Pulse Oximetry in Comparison to Arterial Blood Oxygen Saturation in Respiratory Distress in Neonates

Citation:
Doss, S. S. W., D. S. Mosallam, E. A. A. Abdallah, and M. M. M. Moro, "Pulse Oximetry in Comparison to Arterial Blood Oxygen Saturation in Respiratory Distress in Neonates", Alexandria Journal of Pediatrics, vol. 25, issue 2, pp. 77-81, 2011.

Abstract:

Monitoring oxygen saturation is important to the newborns receiving supplemental oxygen so to
decrease the incidence of exposure to hyperoxemia and the risk of potential deleterious effects of radical
oxygen species. Pulse oximetry is a non invasive, medical device that indirectly measures the oxygen
saturation of a patient's blood. An arterial blood gas (ABG) is a blood test that is performed using blood
from an artery. ABG testing is used to determine the pH of the blood, the partial pressure of carbon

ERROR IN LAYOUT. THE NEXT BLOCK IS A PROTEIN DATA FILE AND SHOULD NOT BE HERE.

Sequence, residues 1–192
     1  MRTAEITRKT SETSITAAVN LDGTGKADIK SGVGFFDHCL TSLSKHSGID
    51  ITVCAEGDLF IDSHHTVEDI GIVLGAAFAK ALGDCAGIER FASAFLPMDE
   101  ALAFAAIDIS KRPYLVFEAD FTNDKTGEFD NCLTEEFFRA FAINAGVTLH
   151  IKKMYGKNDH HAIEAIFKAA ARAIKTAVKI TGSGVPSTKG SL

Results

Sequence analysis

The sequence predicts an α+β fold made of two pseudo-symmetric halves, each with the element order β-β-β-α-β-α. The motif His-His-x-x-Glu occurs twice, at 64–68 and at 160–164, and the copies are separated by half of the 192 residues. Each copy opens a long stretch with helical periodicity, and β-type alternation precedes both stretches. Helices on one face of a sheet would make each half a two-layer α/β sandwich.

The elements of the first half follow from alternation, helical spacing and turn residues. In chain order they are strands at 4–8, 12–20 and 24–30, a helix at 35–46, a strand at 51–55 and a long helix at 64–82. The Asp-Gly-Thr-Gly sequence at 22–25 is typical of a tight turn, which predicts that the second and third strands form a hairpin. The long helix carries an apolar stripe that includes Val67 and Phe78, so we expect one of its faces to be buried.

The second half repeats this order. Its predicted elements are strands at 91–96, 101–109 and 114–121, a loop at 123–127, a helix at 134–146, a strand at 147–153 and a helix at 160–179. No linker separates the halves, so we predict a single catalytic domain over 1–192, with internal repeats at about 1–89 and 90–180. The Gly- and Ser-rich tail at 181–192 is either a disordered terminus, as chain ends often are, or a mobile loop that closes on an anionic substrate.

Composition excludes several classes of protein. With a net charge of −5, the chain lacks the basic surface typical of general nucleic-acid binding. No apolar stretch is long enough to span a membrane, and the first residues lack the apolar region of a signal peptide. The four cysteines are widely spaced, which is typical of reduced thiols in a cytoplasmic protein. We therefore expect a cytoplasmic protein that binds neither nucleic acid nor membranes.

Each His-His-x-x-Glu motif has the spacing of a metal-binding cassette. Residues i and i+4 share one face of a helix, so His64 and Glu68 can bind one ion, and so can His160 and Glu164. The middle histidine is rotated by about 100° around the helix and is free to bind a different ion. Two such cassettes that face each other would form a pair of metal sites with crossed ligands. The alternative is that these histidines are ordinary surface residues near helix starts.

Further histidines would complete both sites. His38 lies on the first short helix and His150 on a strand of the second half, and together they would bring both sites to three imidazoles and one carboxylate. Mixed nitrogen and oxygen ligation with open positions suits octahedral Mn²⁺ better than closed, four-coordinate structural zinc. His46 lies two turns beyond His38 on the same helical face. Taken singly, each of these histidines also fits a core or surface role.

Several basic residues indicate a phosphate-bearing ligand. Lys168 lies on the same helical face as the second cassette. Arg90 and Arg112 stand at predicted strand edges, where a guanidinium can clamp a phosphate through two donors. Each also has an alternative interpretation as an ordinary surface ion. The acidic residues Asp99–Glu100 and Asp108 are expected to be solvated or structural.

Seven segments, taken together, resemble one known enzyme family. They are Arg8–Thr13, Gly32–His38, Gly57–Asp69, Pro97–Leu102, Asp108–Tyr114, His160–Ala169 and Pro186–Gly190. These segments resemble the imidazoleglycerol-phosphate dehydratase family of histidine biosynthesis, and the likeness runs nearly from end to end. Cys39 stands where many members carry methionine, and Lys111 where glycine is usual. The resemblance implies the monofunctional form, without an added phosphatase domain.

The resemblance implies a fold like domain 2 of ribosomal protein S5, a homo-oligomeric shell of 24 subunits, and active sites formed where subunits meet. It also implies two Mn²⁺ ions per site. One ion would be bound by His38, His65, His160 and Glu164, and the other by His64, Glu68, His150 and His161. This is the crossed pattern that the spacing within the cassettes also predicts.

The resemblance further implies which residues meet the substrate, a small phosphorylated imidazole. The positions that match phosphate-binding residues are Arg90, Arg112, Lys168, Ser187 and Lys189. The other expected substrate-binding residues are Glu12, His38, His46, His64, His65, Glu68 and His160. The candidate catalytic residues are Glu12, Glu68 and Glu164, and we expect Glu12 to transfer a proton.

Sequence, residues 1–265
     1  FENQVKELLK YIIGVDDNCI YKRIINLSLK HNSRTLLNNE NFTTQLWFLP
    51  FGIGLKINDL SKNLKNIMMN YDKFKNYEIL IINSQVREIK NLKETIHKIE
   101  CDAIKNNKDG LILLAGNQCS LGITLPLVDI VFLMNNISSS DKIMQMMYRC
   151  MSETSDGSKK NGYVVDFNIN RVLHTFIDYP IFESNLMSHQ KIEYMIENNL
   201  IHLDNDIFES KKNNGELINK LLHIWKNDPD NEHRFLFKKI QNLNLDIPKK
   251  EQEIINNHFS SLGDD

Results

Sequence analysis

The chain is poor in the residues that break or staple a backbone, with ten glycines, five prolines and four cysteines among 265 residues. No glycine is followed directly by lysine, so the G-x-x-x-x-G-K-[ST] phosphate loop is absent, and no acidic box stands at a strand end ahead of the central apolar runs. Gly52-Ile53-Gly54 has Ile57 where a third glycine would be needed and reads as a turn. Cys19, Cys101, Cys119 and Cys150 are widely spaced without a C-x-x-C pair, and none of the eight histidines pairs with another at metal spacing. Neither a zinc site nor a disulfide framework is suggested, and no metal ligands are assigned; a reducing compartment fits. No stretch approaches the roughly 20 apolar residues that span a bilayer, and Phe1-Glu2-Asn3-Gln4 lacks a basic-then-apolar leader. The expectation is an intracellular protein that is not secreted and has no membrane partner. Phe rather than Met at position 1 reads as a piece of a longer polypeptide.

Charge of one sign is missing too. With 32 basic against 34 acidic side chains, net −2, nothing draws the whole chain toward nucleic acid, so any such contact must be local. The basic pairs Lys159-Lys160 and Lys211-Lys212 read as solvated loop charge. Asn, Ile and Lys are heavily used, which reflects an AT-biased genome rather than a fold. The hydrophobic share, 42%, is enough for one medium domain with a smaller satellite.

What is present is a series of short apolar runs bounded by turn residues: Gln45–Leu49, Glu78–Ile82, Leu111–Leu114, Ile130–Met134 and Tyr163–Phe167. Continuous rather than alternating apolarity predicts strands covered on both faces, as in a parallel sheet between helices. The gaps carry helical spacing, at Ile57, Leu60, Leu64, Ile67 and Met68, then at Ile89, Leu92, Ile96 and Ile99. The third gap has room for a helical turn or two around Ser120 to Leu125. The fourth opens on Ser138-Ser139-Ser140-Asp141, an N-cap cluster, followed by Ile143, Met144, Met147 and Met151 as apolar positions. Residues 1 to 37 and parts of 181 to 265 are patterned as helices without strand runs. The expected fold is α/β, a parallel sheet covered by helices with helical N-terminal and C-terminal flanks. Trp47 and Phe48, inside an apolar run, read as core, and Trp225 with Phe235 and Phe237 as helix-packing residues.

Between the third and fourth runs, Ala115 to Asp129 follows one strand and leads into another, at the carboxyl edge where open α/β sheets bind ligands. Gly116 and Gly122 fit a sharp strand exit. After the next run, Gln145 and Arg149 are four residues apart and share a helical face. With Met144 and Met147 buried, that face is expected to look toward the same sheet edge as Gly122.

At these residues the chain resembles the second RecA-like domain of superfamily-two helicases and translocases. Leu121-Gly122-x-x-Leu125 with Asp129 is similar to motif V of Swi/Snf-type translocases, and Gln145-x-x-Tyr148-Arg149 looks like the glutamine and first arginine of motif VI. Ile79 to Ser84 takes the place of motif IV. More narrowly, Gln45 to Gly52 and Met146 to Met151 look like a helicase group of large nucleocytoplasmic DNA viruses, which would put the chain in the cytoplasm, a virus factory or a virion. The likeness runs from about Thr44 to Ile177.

dioxide and oxygen(PaO2), and the bicarbonate level.: This study aimed at studying the relationship of
PaO2 and pulse oxygen saturation values in newborn with respiratory distress to evaluate whether pulse
oxygen saturation value can reflect significant changes in PaO2. Prospective comparison of PaO2 and
pulse oxygen saturation values in 80 patients (mean gestational age 35 ± 3.6 weeks) was performed. The
PaO2 measurements were obtained from blood gas analyzer; simultaneous pulse oxygen saturation
values were recorded. We evaluated PaO2/ pulse oxygen saturation values in the 80 neonates. Of the 80
samples, 30 (37.5 %) of cases were breathing supplemental oxygen by CPAP, 27 (33.7 %) of cases were
on nasal prong, 21 (26.3 %) were on ventilator and 2 (2.5 %) were on head box. A mean pulse oxygen
saturation of (93.7 ± 7.1%) and a mean PaO2 of (34.9 ± 10) mmHg was observed. There was a statistically
significant positive (direct) correlation between PO2 and SpO2. An increase in PO2 is associated with an
increase in SpO2 (p<0.001). In conclusion: pulse oximetry measured from neonates and infants with
respiratory distress has statistically significant positive (direct) correlation with PO2.